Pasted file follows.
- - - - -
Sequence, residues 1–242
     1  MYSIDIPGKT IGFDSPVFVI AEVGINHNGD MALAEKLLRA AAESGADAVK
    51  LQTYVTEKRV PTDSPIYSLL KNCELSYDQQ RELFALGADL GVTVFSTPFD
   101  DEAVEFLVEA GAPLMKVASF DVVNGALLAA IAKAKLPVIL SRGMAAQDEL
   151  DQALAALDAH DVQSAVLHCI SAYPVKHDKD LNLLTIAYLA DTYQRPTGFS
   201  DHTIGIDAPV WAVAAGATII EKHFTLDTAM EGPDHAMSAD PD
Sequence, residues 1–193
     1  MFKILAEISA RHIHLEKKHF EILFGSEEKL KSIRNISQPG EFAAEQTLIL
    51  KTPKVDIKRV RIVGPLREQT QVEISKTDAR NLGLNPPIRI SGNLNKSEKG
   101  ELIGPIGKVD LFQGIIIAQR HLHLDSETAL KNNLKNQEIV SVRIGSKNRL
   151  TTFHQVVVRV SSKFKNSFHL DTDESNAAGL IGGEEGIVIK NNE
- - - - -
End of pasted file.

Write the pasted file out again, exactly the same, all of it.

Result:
Sequence, residues 1–242
     1  MYSIDIPGKT IGFDSPVFVI AEVGINHNGD MALAEKLLRA AAESGADAVK
    51  LQTYVTEKRV PTDSPIYSLL KNCELSYDQQ RELFALGADL GVTVFSTPFD
   101  DEAVEFLVEA GAPLMKVASF DVVNGALLAA IAKAKLPVIL SRGMAAQDEL
   151  DQALAALDAH DVQSAVLHCI SAYPVKHDKD LNLLTIAYLA DTYQRPTGFS
   201  DHTIGIDAPV WAVAAGATII EKHFTLDTAM EGPDHAMSAD PD
Sequence, residues 1–193
     1  MFKILAEISA RHIHLEKKHF EILFGSEEKL KSIRNISQPG EFAAEQTLIL
    51  KTPKVDIKRV RIVGPLREQT QVEISKTDAR NLGLNPPIRI SGNLNKSEKG
   101  ELIGPIGKVD LFQGIIIAQR HLHLDSETAL KNNLKNQEIV SVRIGSKNRL
   151  TTFHQVVVRV SSKFKNSFHL DTDESNAAGL IGGEEGIVIK NNE